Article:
Over half a century after attending what was once known as Weber College, James and Joan Hurst will be crowned as Weber State University’s homecoming king and queen on October 13thby WSU Salutes.
According to Lynell Gardner, executive director of the WSU Alumni Association, the 43rd annual event will honor “outstanding alumni and friends of the university” through a composition of inspiring short films.
If there is any evidence of WSU being a launch pad for success, it is in the stories of its alumni.
One of James and Joan Hurst’s most memorable contributions was when they served as members of the WSU Emeriti Alumni Council in 2003 and spearheaded what they called the “Greatest Generations Project” and subsequently brought together over 500 people for a tribute to WSU’s World War II veterans.
Among those honored that day was former First Lieutenant E. LaMar Buckner, who has also proved to be an exemplary graduate of Weber not only by flying 23 combat missions, but also in his subsequent life’s work. An entrepreneur at the age of 24, he started an insurance business with his father.
“It has grown and we’ve been pleased at the success…,” said Buckner. “I did that all my life until later I was called to many positions in the LDS Church. I was the first stake president of the Weber College Stake when it was organized.”
Later, Buckner became a church mission president in Sacramento, California and afterward was called by the president of his church to be the president of the Ogden Temple. He eventually also served as president of the Alumni Association in 1958 and 1959. He advises students to never delay their education and to be open to taking a variety of classes, as it provides “a basis for a broader knowledge about the world.”
“I think my overall experience at Weber gave me a real foundation for life,” said Buckner. “I was on the Board of Regents for a few years after I’d served in the legislature for 10 years, and I can see as we learned about the other schools in the state of Utah that Weber can carry its own with any program.”
James Hurst said the same of Weber, recalling the time he spent at the prestigious Duke University.
“Again, here I’d had all my education in Utah and I was wondering… how is my education going to back me up there? I went to Duke and learned that my preparation matched all of the other graduate students, and faculty members for that matter… I hearkened back to the preparation at Weber. It was solid.”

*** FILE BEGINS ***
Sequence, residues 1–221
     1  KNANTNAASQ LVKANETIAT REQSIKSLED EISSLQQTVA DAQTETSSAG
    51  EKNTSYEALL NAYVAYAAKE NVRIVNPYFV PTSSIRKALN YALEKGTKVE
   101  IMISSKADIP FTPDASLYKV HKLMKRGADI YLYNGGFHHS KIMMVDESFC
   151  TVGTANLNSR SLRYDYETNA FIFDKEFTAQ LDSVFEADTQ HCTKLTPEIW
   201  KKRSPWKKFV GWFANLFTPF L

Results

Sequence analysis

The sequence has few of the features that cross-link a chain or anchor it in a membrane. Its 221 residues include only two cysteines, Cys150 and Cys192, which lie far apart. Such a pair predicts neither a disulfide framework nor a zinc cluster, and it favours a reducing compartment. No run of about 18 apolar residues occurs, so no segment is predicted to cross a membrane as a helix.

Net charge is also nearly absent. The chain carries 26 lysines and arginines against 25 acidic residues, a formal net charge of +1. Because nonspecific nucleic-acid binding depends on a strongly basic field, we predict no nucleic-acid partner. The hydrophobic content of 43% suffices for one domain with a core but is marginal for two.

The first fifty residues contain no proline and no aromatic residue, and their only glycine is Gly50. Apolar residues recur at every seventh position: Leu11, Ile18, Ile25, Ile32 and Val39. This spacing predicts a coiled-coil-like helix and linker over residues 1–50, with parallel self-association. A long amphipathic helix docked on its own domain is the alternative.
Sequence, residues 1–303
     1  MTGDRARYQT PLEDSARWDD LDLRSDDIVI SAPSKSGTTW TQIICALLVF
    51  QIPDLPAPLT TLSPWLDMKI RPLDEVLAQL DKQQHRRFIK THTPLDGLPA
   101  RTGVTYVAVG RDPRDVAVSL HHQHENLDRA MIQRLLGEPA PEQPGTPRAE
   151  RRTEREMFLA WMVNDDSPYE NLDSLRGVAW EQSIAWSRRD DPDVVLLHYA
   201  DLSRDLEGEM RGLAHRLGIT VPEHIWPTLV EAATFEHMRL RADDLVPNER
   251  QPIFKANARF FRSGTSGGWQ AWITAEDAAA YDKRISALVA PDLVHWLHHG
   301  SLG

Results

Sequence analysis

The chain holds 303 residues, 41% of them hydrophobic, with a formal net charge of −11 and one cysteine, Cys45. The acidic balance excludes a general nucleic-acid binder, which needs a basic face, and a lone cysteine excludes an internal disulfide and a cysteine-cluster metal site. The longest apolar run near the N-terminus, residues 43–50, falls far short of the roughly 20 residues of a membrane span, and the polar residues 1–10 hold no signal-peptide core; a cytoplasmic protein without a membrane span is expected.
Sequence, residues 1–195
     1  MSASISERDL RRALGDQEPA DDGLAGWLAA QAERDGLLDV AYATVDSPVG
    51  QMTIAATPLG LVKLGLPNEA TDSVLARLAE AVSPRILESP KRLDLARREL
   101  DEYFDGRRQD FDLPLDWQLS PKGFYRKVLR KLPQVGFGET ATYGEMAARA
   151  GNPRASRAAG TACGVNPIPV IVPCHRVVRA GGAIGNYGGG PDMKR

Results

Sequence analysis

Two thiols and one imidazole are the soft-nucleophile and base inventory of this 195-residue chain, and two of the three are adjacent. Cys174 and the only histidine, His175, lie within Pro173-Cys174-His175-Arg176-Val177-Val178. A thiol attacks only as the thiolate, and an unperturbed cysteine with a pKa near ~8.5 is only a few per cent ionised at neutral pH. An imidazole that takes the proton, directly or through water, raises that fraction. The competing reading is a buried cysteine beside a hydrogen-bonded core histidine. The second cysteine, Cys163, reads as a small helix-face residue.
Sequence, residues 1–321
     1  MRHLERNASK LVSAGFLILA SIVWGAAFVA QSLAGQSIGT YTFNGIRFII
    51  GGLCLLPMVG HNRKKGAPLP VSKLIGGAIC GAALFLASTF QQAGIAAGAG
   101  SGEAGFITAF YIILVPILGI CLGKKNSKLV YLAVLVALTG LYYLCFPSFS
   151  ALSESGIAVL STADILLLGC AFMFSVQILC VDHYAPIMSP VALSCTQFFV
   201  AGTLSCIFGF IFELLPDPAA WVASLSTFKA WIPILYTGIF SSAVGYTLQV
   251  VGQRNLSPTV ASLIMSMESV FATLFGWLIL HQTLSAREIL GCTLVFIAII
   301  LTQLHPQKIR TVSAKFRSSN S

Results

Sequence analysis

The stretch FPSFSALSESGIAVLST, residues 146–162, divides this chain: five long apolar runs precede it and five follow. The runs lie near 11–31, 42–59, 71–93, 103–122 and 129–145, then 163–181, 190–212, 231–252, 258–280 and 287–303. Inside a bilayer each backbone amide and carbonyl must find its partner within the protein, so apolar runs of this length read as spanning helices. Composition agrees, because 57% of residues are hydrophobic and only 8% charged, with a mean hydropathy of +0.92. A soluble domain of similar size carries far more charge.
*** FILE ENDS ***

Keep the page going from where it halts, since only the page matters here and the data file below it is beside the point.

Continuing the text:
Joan Hurst praised Weber as well, claiming that the training, opportunities for on-campus employment, and her involvement with social clubs such as the La Dianaeda sorority allowed her to acquire a good job and gain meaningful friendships.
“…Come and be as involved in campus as (you) can…,” Hurst advises students. “There are so many opportunities in the Union and elsewhere on campus to be involved. That’s where you’ll have some good experiences that’ll be life-long… and a good opportunity to make connections that will be important.”
In addition to the award of homecoming king, James Hurst will be presented with the Emeritus Lifetime Achievement Award for taking his education from Weber and using it to “launch a career in helping students on many campuses,” according to Gardner who cited Hurst’s time as vice president of student affairs at the University of Wyoming. There, he was recognized by the governor of Wyoming who declared a statewide “James C. Hurst Day,” in part for helping the community heal following the brutal murder of student Matthew Shepard.
WSU Salutes will also honor several other alumni on October 13, 2011 at 7 p.m. in the Hurst Center for Lifelong Learning. For more information about the event, visit www.alumni.weber.edu.